Marvel introducing first female Muslim-American superhero
(CBR) Marvel Comics once again has a "Ms. Marvel," one a lot different from the past incarnation -- and nearly every other mainstream superhero.
As first revealed on Tuesday, this Ms. Marvel is Kamala Khan, the 16-year-old daughter of Pakistani immigrants, a shape-shifter, a resident of Jersey City and a Muslim -- making her one of very few Muslim characters at either Marvel or DC Comics, and already one of the most high-profile. Following an appearance in January's "All-New Marvel NOW! Point One" one-shot, the character will star in a new "Ms. Marvel" ongoing series, debuting in February 2014 from the creative team of "Air" writer G. Willow Wilson and "Runaways" artist Adrian Alphona, who made a recent return to interior comics work on "Uncanny X-Force."
The book is set to connect to the Marvel Universe as a whole as part of the upcoming "Inhumanity" storyline, where dormant superpowers are activated in numerous unaware Inhuman descendants due to the release of the Terrigen Bomb in last month's "Infinity" #4. Like the real world, the Marvel Universe has devoted fans of Carol Danvers, the former Ms. Marvel and current Captain Marvel -- among them "polymorph" Kamala Khan, who's inspired to take up the previous guise of her hero.
The series is already making news, and Wilson, who this past weekend won "Best Novel" at the World Fantasy Awards for her 2012 release "Alif the Unseen," told Comic Book Resources, "The real challenge really has nothing to do with controversy as such, it has to do more with getting people excited about a book that's a little bit different from what they usually see."
The author, who documented her conversion to Islam in the memoir "The Butterfly Mosque: A Young American Woman's Journey to Love and Islam," comes to the series with a distinct perspective. In an interview with CBR News, Wilson makes it clear that she's not afraid of any controversy or criticism the book, which she calls "risky," might receive.
CBR News: Willow, you've been concentrating on prose work, making "Ms. Marvel" your first comic book work of length since "Mystic" in 2011. Had you been keeping up with the world of comics in your time away from the medium?
G. Willow Wilson: Absolutely. I never stopped following all the gossip and all the stuff that's going on in the industry; reading the books that people are recommending. It's great to be able to get back into it, for sure.
I've been reading a bunch of the new series that have been coming out. I've been reading "Saga," going kind of nuts over that. That's one of my favorite books from recent years. I'm following all of the fascinating ups and downs of DC's move to Burbank -- it's almost like a fraternity, you know? You're out, but you're never really out. You're always sort of listening in on what's going on.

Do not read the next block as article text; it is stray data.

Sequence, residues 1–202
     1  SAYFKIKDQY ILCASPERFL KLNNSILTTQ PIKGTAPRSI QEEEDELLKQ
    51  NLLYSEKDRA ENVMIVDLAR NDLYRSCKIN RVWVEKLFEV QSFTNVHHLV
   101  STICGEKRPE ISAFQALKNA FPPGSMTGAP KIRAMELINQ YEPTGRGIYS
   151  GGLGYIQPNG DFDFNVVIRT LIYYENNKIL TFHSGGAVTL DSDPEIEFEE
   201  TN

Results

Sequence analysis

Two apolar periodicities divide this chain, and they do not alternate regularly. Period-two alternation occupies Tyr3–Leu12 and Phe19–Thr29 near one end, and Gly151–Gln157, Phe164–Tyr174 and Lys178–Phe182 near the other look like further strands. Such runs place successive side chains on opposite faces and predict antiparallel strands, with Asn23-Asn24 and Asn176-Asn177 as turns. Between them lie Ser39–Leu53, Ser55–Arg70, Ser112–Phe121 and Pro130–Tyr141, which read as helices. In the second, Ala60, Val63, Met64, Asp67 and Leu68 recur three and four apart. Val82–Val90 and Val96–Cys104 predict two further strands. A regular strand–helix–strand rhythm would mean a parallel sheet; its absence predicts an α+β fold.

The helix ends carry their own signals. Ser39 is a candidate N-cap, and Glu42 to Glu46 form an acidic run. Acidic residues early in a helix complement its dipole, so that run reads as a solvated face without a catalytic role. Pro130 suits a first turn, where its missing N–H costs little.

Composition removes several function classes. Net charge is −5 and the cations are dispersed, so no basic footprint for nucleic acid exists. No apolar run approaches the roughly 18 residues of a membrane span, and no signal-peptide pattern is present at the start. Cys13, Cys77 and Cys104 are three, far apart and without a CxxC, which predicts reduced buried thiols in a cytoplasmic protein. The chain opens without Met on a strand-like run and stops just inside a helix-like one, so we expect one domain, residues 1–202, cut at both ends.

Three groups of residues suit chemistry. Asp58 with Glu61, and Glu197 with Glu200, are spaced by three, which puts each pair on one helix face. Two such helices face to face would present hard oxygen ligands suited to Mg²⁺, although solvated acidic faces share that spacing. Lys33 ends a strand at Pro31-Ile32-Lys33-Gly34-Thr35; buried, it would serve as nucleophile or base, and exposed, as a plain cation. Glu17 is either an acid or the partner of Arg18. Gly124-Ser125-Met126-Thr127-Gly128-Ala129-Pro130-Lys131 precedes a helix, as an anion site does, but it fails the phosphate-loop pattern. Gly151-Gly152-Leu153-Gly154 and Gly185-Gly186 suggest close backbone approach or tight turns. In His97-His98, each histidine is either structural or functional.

Let's start at the beginning with "Ms. Marvel" -- how did it come about for you? Was it an idea that you pitched to Marvel, something they came to you with, or somewhere in between?
It was something they came to me with, which I was terribly flattered to be asked. I got a call from [Marvel editors] Steve Wacker and Sana Amanat over a year ago. It was extremely abstract at that point. They knew they wanted to have a young Muslim girl superhero, and that was kind of it. They said, "Do you think this is something that you'd be interested in tackling?" and I said "Heck yes!"
We started working on it, and we really spent a lot of time in development to make sure that we got to a character we were all excited about, and a story to tell that was really interesting. I think it really paid off, because we're all very excited about how this series has shaped up. I think all the work that was put into it beforehand will show.
Was it always going to be under the "Ms. Marvel" title, or was it originally not even that developed?
It wasn't even that developed. There was some relay about what direction to go. There were several Marvel events that were in production at that point, and there was some question as to whether we wanted to tie this character into any of those events. It started out very open-ended.
I think it was Sana's idea, because we had been talking about the most recent other big, successful rebranding of a female character, that being "Captain Marvel," and the very interesting fan culture that's come up around that, and all the great work that Kelly Sue [DeConnick] has done with it. It was in the course of that conversation that Sana came up with the idea -- "Wouldn't it be interesting if this girl was a hardcore Captain Marvel fan? A Carol Corps person?" In that case, it would make sense for her as sort of a junior female superhero who really looks up to Captain Marvel, to take up the "Ms. Marvel" mantle.
The book ties-in to the forthcoming "Inhumanity" status quo, then, with multiple emerging new potential superheroes?
Yes. But the details of that, in terms of how the book will fit into the larger scheme, and what kind of potential crossover might be there, has not yet been fleshed out. There's not a whole lot more detail than that at this point.
So the main character is a Captain Marvel fan -- what else can you share at this point about her? She's a shape-shifter, right?
Yes! She's a polymorph. She can grow and shrink, both her whole body and specific limbs, and eventually she'll be able to transform into different people and objects, as well. We wanted to give her a very physical, visual fun power set. I didn't want to make her another sparkly, flirty kind of a character. I wanted her to look a little bit weird. We made her a true polymorph, in the tradition of Morph -- god rest his soul.
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